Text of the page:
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was found to be yet living, though in a most precarious condition; as indeed was his friend, whose feeble frame had hardly suffered less from the cold and exposure.

For many weeks both lay at the inn, almost hovering between life and death; and there was no one so watchful over them, or so good a nurse, as Joe, who, better accustomed to rough weather, was soon restored to his usual vigour.

But God was pleased to restore both the young men, and to bless to them that fearful night; for years after they both owned that their first serious impression of life's uncertainty, and the awfulness of appearing unprepared before God, had been indelibly stamped upon them by that means. They have frequently been since to visit Joe, who is now a very old and infirm man, not far from the grave, and who speaks of both as if they were almost his own children. He still lives in his tiny old house, with his little Lucy, who is still “ Little Lucy" in name and in fact; nor do I know what the villagers, or any of us will do when Joe is gone; for none assuredly can take his place among us.

THE LOST DAY,

Mrs. Lydia H. SIGOURNEY.

Lost! lost! lost !

A gem of countless price,
Cut from the living rock,

And graved in paradise :
Set round with three times eight

Large diamonds, clear and bright,
And each with sixty smaller ones,

All changeful as the light.

Lost—where the thoughtless throng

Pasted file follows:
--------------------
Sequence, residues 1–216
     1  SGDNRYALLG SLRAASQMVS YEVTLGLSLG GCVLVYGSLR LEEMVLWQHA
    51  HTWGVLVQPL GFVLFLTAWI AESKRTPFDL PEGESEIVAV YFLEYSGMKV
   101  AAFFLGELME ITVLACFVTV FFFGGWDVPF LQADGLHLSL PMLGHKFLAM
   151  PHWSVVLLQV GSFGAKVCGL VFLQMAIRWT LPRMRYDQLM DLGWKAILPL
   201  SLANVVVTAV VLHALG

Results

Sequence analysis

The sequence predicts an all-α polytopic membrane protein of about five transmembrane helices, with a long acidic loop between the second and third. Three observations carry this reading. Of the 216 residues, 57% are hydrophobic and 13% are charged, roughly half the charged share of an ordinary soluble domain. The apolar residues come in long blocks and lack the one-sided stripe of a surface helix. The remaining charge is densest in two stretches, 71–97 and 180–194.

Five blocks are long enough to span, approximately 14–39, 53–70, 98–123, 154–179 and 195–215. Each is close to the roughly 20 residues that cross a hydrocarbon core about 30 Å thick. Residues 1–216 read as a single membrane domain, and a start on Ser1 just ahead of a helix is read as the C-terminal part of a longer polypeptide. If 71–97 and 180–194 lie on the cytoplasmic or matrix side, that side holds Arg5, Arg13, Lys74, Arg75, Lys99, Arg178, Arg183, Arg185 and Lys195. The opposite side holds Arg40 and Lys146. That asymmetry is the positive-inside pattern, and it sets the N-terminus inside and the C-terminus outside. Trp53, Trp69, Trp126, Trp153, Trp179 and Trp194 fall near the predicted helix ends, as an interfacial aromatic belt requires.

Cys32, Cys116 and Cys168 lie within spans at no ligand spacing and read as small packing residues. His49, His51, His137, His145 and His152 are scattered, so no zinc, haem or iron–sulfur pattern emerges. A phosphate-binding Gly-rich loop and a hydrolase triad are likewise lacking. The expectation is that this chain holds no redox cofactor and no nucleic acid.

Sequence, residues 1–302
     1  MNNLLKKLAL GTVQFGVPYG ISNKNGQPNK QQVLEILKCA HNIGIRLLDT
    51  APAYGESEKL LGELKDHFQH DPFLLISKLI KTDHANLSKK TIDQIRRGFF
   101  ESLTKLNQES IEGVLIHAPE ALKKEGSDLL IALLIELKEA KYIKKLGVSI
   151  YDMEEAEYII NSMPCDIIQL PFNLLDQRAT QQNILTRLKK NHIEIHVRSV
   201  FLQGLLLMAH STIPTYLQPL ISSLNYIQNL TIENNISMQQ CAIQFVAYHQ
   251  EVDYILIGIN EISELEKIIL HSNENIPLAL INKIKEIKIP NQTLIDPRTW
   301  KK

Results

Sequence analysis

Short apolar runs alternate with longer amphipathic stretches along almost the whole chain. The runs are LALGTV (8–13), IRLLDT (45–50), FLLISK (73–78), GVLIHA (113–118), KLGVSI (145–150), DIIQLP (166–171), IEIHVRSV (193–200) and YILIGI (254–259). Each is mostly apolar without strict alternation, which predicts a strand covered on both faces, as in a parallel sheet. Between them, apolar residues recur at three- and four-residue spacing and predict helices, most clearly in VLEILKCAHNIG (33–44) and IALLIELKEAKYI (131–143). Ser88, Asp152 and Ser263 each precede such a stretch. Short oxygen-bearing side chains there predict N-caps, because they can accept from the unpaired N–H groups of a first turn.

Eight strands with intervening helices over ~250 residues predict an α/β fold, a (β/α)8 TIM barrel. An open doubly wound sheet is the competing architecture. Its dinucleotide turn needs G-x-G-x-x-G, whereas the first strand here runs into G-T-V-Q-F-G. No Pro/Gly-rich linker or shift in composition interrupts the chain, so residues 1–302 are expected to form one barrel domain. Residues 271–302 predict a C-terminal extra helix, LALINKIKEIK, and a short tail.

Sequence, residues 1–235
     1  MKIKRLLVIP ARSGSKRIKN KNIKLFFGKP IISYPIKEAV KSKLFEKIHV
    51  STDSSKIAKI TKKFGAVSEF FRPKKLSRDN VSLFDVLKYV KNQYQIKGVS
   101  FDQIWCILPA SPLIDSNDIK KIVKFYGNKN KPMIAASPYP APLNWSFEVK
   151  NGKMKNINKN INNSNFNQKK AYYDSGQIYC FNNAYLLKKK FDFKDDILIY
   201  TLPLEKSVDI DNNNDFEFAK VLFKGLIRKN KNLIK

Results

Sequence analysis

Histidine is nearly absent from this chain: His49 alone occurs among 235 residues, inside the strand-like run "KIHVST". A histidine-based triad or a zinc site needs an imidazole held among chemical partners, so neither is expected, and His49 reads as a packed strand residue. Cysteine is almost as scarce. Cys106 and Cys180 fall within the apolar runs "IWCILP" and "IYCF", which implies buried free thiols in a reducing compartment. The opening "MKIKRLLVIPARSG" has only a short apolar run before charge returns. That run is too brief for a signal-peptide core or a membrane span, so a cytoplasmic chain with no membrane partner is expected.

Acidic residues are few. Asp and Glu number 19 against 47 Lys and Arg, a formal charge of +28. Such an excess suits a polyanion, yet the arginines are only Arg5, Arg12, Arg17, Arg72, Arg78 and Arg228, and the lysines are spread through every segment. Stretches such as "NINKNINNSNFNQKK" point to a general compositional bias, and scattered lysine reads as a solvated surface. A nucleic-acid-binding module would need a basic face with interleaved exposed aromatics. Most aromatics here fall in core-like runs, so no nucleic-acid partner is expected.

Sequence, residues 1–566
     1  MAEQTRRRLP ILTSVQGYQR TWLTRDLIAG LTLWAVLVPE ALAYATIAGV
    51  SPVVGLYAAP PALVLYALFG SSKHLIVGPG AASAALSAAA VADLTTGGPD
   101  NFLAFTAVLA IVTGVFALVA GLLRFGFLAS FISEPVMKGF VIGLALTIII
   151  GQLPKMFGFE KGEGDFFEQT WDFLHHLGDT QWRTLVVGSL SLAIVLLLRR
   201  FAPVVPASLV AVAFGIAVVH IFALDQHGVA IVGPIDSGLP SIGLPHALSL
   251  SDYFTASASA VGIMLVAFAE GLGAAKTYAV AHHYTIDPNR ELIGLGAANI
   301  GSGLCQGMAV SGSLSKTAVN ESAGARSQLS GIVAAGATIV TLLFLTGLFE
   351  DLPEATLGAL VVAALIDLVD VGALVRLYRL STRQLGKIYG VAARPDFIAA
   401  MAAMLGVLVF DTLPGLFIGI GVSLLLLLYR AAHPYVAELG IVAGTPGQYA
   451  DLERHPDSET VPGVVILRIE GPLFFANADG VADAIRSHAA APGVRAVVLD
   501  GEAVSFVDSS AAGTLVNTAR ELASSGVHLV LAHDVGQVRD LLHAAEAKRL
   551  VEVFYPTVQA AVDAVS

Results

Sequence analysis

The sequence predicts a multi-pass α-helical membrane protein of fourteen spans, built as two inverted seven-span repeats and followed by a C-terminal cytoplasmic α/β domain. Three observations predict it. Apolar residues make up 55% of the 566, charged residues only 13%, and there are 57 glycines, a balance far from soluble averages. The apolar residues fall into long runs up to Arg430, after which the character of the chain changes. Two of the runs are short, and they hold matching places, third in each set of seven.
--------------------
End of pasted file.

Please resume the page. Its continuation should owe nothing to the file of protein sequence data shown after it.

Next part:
In Fashion's mazes wind,
Where trilleth Folly's song,

Leaving a sting behind :
Yet to my hand 'twas given

A golden harp to buy,
Such as the white-robed choir attune

To deathless minstrelsy. .
Lost ! lost! lost !

I feel all search is vain;
That gem of countless cost

Can ne'er be mine again :
I offer no reward-

For till these heart-strings sever,
I know that Heaven-entrusted gift

Is reft away for ever.
But when the sea and land .

Like burning scroll have fled,
I'll see it in His hand

Who judgeth quick and dead,
And when of scathe and loss

That man can ne'er repair,
The dread inquiry meets my soul,

What shall it answer there?

THE PRESENCE OF GOD.

AMELIA B. Welby. 0, Thou who flingst so fair a robe

Of clouds around the hills untrod Those mountain-pillars of the globe

Whose peaks sustain thy throne, O GOD! All glittering round the sunset skies,

Their fleecy wings are lightly furld, As if to shade from mortal eyes

The glories of yon upper world;

There, while the evening star upholds
In one bright spot, their purple folds,
My spirit lifts its silent prayer,
For Thou, O God of love, art there.

The summer-flowers, the fair, the sweet

Up-springing freely from the sod,
In whose soft looks we seem to meet

At every step, thy smiles, O GOD!
The humblest soul their sweetness shares,

They bloom in palace-hall, or cot, —
Give me, O Lord, a heart like theirs,

Contented with my lowly lot;
Within their pure, ambrosial bells
In odours sweet thy spirit dwells.
Their breath may seem to scent the air
'Tis thine, O God! for Thou art there.

Hark! from yon casement, low and dim,

What sounds are these that fill the breeze? It is the peasant's evening hymn

Arrests the fisher on the seas; The old man leans his silver hairs

Upon his light suspended oar,
Until those soft, delicious airs

Have died like ripples on the shore.
Why do his eyes in softness roll ?
What melts the manhood from his soul ?